To Honour Canada's Military


Canadian Forces CF (Canadian Forces)


The Canadian Forces have derived many of their traditions and symbols from the military, navy and air force of the United Kingdom, including those with royal elements. Contemporary icons and rituals, however, have evolved to include elements reflective of Canada and the Canadian monarchy.
ISAF (International Security Assistance Force) ISAF (International Security Assistance Force)
Motto: Assistance and Cooperation

The International Security Assistance Force (ISAF) was a NATO-led security mission in Afghanistan, established by the United Nations Security Council in December 2001 by Resolution 1386, as envisaged by the Bonn Agreement. Its main purpose was to train the Afghan National Security Forces (ANSF) and assist Afghanistan in rebuilding key government institutions, but was also engaged in the 2001–present war with the Taliban insurgency.
The King's Own Calgary Regiment The King's Own Calgary Regiment


The King's Own Calgary Regiment (RCAC), or KOCR, is an armoured unit of the Canadian Forces Primary Reserve based at the Mewata Armoury in Calgary, Alberta. The KOCR is part of 3rd Canadian Division's 41 Canadian Brigade Group.

Battle Honours
Afghanistan
Cpl Hornburg Nathan
Rank: Corporal Cpl
Service Number: N45 480 740
Born: Jun 19, 1983 Calgary, Alberta
Discharged: Killed In Action

Served In: Afghanistan
Service: CF (Canadian Forces)
Battle Group: ISAF (International Security Assistance Force)
Regiment: The King's Own Calgary Regiment
Mention In Dispatches Mention In Dispatches
A member of the armed forces mentioned in dispatches (or despatches, MiD) is one whose name appears in an official report written by a superior officer and sent to the high command, in which is described his or her gallant or meritorious action in the face of the enemy.

In a number of countries, a servicemember's name must be mentioned in dispatches as a condition for receiving certain decorations.
Service Details :
Mention in Dispatches, Citation awarded on April 16, 2009. Cpl Hornburg was killed when he was hit by a mortar in southern Afghanistan. The 24-year-old Alberta native was repairing a tank at the time.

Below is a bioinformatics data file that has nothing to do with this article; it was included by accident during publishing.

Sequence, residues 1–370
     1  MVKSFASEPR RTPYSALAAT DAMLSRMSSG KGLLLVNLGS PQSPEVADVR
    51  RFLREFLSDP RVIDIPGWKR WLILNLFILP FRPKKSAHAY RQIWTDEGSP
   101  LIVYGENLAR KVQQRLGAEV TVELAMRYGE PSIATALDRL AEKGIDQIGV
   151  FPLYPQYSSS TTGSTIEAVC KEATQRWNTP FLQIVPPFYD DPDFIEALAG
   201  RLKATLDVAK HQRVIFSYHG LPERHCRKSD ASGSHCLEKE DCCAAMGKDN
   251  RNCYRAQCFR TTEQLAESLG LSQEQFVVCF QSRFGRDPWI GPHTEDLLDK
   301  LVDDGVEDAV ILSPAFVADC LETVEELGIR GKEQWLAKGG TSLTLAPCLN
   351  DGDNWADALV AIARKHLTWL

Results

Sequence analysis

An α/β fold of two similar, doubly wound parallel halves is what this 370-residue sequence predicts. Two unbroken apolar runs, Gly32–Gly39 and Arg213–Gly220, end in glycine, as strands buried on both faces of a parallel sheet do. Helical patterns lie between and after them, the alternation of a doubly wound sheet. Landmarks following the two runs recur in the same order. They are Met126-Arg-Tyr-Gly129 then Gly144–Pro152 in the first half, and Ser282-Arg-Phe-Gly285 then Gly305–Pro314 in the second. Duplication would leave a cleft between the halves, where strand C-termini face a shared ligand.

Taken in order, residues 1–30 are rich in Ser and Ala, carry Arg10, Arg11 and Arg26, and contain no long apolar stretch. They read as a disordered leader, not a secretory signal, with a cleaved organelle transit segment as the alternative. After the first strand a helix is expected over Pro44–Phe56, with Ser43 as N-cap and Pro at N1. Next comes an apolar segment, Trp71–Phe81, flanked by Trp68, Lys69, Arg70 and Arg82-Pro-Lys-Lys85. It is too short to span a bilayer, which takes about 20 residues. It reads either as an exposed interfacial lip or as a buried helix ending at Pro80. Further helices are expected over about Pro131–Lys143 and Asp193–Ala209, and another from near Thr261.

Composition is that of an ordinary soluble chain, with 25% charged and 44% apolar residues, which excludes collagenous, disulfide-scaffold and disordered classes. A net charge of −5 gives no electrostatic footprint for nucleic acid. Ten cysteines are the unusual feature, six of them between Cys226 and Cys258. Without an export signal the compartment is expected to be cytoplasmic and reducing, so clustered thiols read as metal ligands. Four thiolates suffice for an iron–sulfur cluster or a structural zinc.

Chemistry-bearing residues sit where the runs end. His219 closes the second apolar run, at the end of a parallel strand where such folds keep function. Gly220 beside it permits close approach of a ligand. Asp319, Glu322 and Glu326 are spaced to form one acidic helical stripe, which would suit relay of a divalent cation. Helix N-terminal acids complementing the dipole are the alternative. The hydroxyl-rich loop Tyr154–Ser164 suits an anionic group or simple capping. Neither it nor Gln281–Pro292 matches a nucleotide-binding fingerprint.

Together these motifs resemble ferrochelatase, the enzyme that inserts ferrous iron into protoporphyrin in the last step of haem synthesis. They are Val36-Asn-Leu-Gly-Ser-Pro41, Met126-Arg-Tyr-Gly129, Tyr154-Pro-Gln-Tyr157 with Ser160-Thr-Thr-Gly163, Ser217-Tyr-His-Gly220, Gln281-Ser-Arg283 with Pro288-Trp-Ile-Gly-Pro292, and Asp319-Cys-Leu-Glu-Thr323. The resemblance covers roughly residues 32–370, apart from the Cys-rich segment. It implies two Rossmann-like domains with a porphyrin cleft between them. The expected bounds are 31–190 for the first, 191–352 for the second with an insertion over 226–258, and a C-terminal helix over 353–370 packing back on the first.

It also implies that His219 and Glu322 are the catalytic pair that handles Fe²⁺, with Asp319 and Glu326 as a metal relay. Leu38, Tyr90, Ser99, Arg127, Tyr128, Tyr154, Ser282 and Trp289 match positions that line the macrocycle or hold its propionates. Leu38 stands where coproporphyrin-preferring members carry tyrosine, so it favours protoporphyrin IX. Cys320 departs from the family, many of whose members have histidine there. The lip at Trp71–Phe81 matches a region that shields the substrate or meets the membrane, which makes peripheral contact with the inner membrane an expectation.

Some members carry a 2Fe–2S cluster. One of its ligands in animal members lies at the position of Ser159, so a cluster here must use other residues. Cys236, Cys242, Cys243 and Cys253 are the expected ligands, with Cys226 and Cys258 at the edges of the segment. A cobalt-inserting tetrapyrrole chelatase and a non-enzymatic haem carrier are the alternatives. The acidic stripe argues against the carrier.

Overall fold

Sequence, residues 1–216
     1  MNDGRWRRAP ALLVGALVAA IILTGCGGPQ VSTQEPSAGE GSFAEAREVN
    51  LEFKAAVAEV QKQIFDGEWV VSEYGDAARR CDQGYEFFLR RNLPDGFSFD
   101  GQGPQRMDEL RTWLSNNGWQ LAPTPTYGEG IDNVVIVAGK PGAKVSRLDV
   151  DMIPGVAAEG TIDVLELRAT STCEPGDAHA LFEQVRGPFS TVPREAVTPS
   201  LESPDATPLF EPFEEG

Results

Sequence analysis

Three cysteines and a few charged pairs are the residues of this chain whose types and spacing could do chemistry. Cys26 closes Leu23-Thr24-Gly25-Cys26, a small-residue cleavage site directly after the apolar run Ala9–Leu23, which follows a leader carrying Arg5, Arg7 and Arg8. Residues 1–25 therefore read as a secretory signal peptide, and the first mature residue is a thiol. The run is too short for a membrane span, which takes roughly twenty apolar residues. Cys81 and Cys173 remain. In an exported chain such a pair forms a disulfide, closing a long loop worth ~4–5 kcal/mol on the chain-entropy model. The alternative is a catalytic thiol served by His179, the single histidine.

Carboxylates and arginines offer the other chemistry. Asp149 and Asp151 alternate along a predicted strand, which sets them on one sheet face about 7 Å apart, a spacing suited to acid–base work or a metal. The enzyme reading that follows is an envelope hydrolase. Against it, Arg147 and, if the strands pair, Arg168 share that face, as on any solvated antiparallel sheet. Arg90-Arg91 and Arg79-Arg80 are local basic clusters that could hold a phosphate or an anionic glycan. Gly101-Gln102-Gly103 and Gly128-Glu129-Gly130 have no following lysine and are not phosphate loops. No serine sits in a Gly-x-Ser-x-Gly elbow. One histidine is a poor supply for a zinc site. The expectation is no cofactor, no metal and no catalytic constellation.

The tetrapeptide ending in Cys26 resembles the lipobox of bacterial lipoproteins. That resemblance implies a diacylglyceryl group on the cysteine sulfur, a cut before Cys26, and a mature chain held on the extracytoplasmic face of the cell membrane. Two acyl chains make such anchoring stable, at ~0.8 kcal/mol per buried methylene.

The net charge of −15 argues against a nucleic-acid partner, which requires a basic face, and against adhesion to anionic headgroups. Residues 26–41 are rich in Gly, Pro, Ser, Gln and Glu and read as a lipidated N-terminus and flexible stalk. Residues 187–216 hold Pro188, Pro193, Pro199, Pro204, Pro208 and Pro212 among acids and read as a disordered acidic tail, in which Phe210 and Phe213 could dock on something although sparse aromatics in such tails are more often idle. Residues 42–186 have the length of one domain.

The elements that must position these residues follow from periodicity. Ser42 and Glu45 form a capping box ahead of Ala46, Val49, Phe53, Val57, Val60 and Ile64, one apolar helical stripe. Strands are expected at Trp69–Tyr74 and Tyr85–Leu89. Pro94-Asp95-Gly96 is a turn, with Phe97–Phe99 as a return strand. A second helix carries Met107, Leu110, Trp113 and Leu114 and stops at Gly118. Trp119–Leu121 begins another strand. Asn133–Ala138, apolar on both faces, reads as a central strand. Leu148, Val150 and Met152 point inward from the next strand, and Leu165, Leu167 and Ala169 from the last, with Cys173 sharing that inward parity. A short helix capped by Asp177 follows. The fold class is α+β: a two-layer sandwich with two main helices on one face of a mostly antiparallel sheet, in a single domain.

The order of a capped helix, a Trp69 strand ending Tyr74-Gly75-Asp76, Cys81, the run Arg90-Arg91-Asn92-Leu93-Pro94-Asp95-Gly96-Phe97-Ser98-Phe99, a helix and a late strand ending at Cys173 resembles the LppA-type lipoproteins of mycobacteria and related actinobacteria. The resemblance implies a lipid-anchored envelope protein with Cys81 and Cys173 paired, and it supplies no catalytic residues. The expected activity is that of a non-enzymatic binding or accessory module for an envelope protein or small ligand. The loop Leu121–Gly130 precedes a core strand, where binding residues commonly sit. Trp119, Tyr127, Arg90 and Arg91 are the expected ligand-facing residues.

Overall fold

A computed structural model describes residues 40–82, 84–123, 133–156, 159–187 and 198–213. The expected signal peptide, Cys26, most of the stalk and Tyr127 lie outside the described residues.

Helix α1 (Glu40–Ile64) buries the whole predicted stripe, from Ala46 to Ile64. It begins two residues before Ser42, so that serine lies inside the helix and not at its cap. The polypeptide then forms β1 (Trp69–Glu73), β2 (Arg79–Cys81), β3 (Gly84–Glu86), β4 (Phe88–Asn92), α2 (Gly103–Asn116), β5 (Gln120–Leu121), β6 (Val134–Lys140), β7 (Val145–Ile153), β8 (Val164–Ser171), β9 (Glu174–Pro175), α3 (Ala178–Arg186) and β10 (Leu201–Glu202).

Sacrifice Medal (SM)
The Sacrifice Medal was created in the context of increased casualties in overseas operations to fulfill the desire of Canadians and the Government to provide formal recognition, through the award of an official medal emanating from the Crown, to those who die as a result of military service or are wounded by hostile action. This honour replaces the Wound Stripe
The Medal may be awarded to members of the Canadian Forces, members of an allied force working as an integral part of the Canadian Forces such as exchange personnel, civilian employees of the Government of Canada or Canadian citizens under contract with the Government of Canada, on the condition that they were deployed as part of a military mission under the authority of the Canadian Forces, that have, on or after October 7, 2001, died or been wounded under honourable circumstances as a direct result of hostile action on the condition that the wounds that were sustained required treatment by a physician and the treatment has been documented.
The Medal may also be awarded posthumously to any member of the Canadian Forces who served on or after 7 October 2001 in the Regular Force, Primary Reserve, Cadet Organizations Administration and Training Service or Canadian Rangers, or any member of the Supplementary Reserve who served in or with one of the components aforementioned on or after 7 October 2001, and dies under honourable circumstances as a result of an injury or disease related to military service.
When a death is obviously related to service, the SM will be issued immediately. When the cause of death is not clear, the SM will only be issued once Veterans Affairs Canada (VAC) has officially determined that the death was related to military service, in such a case, delays are to be expected before the SM can be awarded.